Stakheev was a wealthy merchant and the nephew of artist Ivan Shishkin. He and his family fled Russia for France before the First World War taking with them what possessions they could and hiding everything else in the hope of one day returning. When Stakheev did return to Moscow after the Revolution to retrieve some of the silver from his property (since nationalised and converted into the House of the Railway Workers) he was apprehended by the Secret Police, but managed to bargain for his release. The episode allegedly served as inspiration for Ilf and Petrov's satirical novel The Twelve Chairs.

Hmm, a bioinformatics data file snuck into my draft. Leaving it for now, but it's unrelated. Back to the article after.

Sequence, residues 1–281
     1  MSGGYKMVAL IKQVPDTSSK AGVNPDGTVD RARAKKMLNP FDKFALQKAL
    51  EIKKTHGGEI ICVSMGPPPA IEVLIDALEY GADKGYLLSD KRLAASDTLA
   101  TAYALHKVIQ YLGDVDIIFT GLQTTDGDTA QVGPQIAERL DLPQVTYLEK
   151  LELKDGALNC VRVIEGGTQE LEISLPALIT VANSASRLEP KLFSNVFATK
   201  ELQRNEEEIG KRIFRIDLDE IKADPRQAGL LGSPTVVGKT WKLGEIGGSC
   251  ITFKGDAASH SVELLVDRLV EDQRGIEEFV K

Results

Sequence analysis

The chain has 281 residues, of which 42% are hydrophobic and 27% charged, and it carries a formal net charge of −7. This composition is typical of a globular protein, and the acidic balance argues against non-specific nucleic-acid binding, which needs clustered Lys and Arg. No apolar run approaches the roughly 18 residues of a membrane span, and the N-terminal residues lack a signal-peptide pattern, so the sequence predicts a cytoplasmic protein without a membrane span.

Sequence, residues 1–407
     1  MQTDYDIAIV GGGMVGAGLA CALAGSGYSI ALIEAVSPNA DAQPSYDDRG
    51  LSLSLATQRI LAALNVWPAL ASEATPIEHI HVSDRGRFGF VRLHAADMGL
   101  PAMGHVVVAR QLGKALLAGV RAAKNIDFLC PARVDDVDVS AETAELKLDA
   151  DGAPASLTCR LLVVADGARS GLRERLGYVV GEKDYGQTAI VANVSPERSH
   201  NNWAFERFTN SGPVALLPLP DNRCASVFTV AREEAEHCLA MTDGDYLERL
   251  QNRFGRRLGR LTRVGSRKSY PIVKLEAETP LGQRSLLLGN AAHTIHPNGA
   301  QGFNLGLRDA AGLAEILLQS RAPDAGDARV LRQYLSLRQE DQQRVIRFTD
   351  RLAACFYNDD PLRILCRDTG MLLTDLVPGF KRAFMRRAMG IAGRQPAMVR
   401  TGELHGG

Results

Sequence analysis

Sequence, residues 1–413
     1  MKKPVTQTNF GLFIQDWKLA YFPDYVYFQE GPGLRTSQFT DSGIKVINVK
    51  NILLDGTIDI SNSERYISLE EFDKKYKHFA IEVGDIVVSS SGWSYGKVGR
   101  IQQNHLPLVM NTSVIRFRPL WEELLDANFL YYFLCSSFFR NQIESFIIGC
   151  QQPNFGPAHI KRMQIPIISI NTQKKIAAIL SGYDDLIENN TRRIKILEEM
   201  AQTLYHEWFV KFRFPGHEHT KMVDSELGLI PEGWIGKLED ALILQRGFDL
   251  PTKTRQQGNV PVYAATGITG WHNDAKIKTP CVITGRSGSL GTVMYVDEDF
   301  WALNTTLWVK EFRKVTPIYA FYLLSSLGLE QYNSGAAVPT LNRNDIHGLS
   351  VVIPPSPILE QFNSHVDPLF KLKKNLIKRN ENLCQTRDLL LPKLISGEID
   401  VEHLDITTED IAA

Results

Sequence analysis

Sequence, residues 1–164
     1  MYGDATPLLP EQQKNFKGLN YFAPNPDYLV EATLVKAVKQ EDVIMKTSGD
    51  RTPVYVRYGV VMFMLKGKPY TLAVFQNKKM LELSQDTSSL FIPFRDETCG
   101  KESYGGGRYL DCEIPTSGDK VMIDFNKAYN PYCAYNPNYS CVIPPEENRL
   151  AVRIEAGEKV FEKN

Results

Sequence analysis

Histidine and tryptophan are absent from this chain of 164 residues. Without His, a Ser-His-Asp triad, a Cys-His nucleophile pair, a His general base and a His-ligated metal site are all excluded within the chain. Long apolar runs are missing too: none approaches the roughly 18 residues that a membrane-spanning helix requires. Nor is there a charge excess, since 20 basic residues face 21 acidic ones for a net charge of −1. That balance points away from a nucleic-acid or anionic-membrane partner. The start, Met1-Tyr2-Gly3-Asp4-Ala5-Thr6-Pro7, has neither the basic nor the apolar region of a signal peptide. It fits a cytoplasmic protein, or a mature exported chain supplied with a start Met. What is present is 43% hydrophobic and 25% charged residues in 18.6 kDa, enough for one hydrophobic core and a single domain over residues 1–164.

The canvas has been strip-lined and recently restretched. There is some buckling in the lower right corner. A small paint chip is visible in the upper left corner. There is a diagonal line of retouching just visible to the naked eye in the upper right corner of the composition. Inspection under UV light reveals the aforementioned retouching in the upper right as well as to the cheek and hairline of the sitter and other scattered areas of retouching. Held in a modern gold-painted frame. Unexamined out of frame. "In response to your inquiry, we are pleased to provide you with a general report of the condition of the property described above. Since we are not professional conservators or restorers, we urge you to consult with a restorer or conservator of your choice who will be better able to provide a detailed, professional report. Prospective buyers should inspect each lot to satisfy themselves as to condition and must understand that any statement made by Sotheby's is merely a subjective, qualified opinion. Prospective buyers should also refer to any Important Notices regarding this sale, which are printed in the Sale Catalogue. NOTWITHSTANDING THIS REPORT OR ANY DISCUSSIONS CONCERNING A LOT, ALL LOTS ARE OFFERED AND SOLD AS IS" IN ACCORDANCE WITH THE CONDITIONS OF BUSINESS PRINTED IN THE SALE CATALOGUE."